So are the homemade masks a good idea? One hundred plus years after the debates of 1918, opinion remains divided. Now, as then, there will be those who feel as Dr. Bracken did, and who will make the choice to go without. At the same time, people will come together, however virtually, to share their face mask patterns and know-how, to join in song or tell a story or draw a picture. And at the end of the day, we can take heart from the caption written on a Scottish child’s rainbow drawing: smiles are contagious.

 

 

Sources:

Edmonton Journal, November 19, 1918

Santa Barbara Daily News, October 28, 1918

St Paul Pioneer Press, November 4 and 6, 1918

http://www.canadashistory.ca

http://www.ncbi.nlm.nih.gov

British Newspaper Archive

http://www.archives.gov

http://www.dailyrecord.co.uk

Flu Pandemic 1918: “I love to get your letters so much…”

Part 4

birds in the war zone, bird lore magazine 1917
From an article about birds in the war zone, Bird Lore Magazine, 1917

I’m sure everyone has stepped up contact with family members in the last while. We’ve been hearing from my husband’s relatives in the UK and in other parts of Ontario, and from my family too, here in Canada and in the Netherlands. Several of the notes that have come have mentioned nature, and how birds are singing and geese are honking, oblivious to the turmoil. A good friend who lives in Manchester tells me she has been working in her garden, and it made me realize how anxious I am for spring, because digging in the earth and helping things grow is such a soothing pastime. (And this morning I read a beautiful essay reminding me that even when the television is “full of terror … the trees are full of music.”)

My father and his wife are in Guatemala right now, on their sailboat. They live aboard, traveling the world, and made it into the country just before its borders closed. “Today was the first day of the curfew starting at 4 p.m.,” my dad wrote yesterday to our wider family group, “and although a busy high bridge towers over the Rio Dulce not far away and we are surrounded by marinas, not a thing is moving on land or on the water except the odd toucan, a pair of parakeets and assorted other birds. It is eerily quiet.”

Dad suggested a group of us — aunts and uncles, cousins, siblings — check in with each other every couple of days, since we are a far-flung lot. My mom and her husband are in Portugal, due home Friday, and we have all been eagerly anticipating their safe return. This morning she wrote to the group, “We are anxious to get back home to all the snow, which is the reason we leave in the winter!! Everything is in lockdown here and has been for about a week. First of all the schools and universities all closed, then the store, bars, restaurants. Some outdoor patios stayed open for a few days as long as people sat far apart, but now everything is closed. They are being very strict about it. Grocery stores are open but fewer people are there. There are big signs everywhere warning people to keep a distance and to look at the products and choose only what you want, and buy only what you need. Do not handle things. There are no attendants at the deli counter, only packaged things to choose from. There are big plexiglass screens shielding the cashiers and only cards are accepted, no cash. There are red signs on the floor for cash lineups showing how far apart you must be. Pharmacies will only let one or two people in at a time. When one person goes out, one can go in. In the lineup outside people are 2 metres apart. The post office is like that too. There are only 6 apartments occupied in our hotel now and when we go out to get groceries we have to ring to be let in. We cannot stay in the room when the maid comes. She is wearing a mask and we have go out until she is finished.”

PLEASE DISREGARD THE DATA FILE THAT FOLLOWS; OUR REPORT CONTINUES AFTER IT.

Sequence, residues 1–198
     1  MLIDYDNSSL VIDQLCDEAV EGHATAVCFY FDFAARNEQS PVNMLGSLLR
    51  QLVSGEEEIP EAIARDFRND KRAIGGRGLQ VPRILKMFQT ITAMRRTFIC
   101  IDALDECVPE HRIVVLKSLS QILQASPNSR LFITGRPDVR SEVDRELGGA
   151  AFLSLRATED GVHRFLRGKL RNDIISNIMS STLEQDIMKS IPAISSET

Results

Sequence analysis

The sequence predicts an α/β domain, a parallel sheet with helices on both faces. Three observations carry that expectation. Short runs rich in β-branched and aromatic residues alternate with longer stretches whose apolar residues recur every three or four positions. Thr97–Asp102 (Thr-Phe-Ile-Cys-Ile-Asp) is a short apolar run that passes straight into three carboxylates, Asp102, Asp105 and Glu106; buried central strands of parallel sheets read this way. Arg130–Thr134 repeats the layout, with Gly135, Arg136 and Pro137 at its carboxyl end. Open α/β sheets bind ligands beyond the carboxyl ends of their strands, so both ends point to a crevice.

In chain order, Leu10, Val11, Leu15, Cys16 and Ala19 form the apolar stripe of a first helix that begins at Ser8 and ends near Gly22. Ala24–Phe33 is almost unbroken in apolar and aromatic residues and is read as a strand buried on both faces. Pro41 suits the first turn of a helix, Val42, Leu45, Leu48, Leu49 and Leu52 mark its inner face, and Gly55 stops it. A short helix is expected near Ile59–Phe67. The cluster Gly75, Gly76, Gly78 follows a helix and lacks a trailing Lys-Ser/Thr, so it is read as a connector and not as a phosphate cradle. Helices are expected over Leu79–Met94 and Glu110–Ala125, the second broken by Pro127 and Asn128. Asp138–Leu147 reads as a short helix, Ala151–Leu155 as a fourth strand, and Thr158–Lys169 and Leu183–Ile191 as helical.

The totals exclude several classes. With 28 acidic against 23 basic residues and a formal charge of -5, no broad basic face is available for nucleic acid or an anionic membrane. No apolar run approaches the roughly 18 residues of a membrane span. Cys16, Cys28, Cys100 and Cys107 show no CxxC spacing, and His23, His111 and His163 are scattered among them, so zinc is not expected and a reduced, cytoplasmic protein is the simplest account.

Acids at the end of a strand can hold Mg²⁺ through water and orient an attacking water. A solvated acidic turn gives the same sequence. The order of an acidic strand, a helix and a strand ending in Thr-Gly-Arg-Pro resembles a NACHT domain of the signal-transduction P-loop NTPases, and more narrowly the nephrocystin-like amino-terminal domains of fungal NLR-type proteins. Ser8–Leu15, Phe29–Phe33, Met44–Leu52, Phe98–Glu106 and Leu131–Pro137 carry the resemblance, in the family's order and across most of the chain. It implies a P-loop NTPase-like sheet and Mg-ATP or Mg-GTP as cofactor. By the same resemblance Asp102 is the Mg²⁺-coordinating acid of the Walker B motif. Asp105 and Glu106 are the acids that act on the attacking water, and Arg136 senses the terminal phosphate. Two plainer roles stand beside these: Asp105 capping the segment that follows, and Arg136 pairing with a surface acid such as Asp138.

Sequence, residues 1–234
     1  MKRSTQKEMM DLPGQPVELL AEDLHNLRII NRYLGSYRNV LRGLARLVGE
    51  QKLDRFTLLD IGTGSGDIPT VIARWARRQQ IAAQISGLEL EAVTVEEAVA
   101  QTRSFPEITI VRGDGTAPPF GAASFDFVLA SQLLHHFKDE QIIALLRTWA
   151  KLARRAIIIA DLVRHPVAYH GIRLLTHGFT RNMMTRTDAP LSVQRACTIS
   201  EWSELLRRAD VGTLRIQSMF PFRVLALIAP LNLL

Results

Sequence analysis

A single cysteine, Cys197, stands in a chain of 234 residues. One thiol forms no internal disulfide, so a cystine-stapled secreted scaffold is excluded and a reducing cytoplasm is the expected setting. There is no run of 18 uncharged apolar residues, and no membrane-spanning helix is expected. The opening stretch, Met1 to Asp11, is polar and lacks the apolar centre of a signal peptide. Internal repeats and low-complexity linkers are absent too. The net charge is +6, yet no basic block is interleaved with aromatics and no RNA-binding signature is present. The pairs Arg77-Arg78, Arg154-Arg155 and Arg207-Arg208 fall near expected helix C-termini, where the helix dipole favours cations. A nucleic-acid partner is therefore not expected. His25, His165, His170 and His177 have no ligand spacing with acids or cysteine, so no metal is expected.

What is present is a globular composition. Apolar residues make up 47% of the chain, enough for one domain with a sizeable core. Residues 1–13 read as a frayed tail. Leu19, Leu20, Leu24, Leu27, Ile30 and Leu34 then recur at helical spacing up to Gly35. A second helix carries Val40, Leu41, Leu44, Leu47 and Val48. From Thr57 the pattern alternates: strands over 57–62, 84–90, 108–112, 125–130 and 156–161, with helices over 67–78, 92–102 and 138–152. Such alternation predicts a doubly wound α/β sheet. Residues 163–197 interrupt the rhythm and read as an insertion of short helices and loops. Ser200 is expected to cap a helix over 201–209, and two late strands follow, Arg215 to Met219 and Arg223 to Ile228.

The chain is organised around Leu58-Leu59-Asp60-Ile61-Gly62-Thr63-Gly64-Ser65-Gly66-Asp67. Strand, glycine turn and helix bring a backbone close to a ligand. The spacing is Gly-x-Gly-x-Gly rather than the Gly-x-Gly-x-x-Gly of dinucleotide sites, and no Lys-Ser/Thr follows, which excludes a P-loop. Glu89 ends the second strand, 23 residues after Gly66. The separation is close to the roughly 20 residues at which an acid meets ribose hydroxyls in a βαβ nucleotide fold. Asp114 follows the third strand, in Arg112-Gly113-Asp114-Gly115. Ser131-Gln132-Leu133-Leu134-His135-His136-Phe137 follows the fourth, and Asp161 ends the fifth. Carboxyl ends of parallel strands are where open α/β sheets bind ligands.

Even though I’m in my 50s now, I’m used to my parents worrying about me. It’s weird to have the tables turned. But the emails help. And in our day and age we’re lucky enough to have facetime too. My teenage daughter can still hang out with her friends this way. All of this brings to mind how essential letters must have been a century ago for people separated by war, though the missives had to float slowly back and forth across the ocean, and sometimes all kinds of things had changed by the time the letters got read. When the influenza pandemic began in 1918, new worries piled on to the worries that had already existed for years. Snooping through the wonderful Canadian Letters & Images Project, I found a treasure trove of photos and letters connected to a soldier named Cecil Moody, who enlisted in 1915 and served with a Field Ambulance unit until the end of the war. He had a wife he called Budsie back home in Canada, and a little boy nicknamed Bobs. The collection contains almost 40 letters, but the one below is especially touching, and gives a glimpse into how the flu pandemic impacted medical workers’ already challenging duties.

Les Fermont, South of Arras, June 29, 1918

Budsie Dear:

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Budsie & Bobs, courtesy Canadian Letters & Images Project